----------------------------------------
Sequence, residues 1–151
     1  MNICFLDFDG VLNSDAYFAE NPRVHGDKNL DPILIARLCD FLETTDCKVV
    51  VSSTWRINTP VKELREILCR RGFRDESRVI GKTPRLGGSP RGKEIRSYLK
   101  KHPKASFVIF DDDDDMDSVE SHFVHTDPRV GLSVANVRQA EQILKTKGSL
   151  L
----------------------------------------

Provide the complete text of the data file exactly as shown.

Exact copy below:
Sequence, residues 1–151
     1  MNICFLDFDG VLNSDAYFAE NPRVHGDKNL DPILIARLCD FLETTDCKVV
    51  VSSTWRINTP VKELREILCR RGFRDESRVI GKTPRLGGSP RGKEIRSYLK
   101  KHPKASFVIF DDDDDMDSVE SHFVHTDPRV GLSVANVRQA EQILKTKGSL
   151  L